Burgerman Quote: "Quite! I wish someone would explain some of this stuff to the idiots making the chairs".
Answer; "You can always tell an engineer, But you can't tell him much"!!!!!!
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Re: a Lifestand LSC

Postby funkykeyboard » 06 Jan 2013, 20:25

Sully wrote:Quote; "Hi, I have had one of these for about eight years. Never been able to use it because it tyips over backwards attempting to negotiate inclines. I love this chair except for this. Can anyone suggest remedy. Three WC mechanics have said no adjustment available".

Please forgive my ignorance. The chair is stable when working in the seated position, am I correct? If so why do you have to operate it in the standing position when moving about?

Sure, I would love to be able to stand up and walk about, I have to admit to myself I no longer can do that!!!! I can stand for a short period, But then I have to sit back into my chair to get from place to place. It is a given!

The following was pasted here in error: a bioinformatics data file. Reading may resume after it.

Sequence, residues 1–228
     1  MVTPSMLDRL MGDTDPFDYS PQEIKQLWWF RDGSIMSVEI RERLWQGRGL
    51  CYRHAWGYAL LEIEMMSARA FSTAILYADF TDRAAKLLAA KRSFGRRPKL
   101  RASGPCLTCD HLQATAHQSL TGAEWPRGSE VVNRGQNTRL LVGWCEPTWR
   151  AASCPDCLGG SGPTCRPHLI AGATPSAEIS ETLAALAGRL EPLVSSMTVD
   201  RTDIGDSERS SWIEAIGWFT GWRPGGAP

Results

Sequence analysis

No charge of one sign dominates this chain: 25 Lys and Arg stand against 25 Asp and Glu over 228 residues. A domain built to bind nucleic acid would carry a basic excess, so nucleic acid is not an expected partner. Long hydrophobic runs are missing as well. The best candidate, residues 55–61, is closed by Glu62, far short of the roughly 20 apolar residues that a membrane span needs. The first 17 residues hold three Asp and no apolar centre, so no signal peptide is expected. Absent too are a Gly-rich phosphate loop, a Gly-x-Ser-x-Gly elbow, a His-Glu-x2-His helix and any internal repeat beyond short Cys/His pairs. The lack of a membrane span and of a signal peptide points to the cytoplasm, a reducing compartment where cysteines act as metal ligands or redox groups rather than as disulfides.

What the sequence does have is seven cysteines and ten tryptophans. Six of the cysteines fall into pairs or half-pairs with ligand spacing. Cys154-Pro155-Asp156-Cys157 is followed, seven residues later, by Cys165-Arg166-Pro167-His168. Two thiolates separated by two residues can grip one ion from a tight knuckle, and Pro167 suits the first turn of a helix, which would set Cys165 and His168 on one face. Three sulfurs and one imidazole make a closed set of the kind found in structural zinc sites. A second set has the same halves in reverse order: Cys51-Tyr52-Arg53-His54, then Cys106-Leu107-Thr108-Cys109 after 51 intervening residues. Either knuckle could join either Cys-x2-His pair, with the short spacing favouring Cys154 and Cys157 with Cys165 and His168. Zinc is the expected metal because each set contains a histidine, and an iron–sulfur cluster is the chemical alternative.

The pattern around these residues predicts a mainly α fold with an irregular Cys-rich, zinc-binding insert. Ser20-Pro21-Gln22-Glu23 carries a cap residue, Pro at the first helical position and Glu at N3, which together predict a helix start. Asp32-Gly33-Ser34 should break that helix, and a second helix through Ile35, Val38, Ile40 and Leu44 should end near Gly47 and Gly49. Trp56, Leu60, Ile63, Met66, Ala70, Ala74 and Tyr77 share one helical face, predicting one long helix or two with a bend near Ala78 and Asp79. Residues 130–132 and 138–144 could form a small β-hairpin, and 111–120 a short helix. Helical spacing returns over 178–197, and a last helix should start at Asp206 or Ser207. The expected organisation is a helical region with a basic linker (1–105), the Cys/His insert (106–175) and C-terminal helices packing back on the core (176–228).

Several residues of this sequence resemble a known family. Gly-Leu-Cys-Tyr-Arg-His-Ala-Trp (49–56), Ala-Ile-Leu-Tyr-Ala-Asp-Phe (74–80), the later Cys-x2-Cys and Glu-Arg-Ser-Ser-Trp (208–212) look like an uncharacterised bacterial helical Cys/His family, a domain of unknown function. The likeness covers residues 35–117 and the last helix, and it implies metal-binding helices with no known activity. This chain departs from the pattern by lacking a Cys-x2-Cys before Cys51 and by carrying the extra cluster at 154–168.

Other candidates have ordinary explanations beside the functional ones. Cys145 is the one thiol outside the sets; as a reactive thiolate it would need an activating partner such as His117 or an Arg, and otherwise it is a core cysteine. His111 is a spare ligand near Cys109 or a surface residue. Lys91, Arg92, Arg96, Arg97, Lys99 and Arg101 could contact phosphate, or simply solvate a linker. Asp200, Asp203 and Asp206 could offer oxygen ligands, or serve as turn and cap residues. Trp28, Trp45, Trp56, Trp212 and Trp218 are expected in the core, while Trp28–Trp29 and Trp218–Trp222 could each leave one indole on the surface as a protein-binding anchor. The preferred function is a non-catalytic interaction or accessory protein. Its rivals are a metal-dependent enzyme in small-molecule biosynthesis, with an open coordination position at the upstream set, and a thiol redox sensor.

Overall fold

However, given these restrictions, do the batteries have capacity enough to do this time after time all day. If not why not concentrate your efforts in that direction? I think Goose is onto the right correction, use Lifepo batteries. If you can fit series 24 batteries in the given space they are worthy of consideration as well. Just how much power storage do you require to make this optimal or practical?

Burgerman Quote: "Quite! I wish someone would explain some of this stuff to the idiots making the chairs".
Answer; "You can always tell an engineer, But you can't tell him much"!!!!!!


it sounds like yours is the previous version to mine. :-DI did like that wheelchair, it is so tiny it could get in anywhere. But yes, it did tend to tip when going up an incline. However, I was used to it, and the wheels on the back always made it safe. but I concede, it was disconcerting,more for the family than myself. You could even get it to tip with a fast acceleration, which I made use of for curbs et cetera. LOL loved it.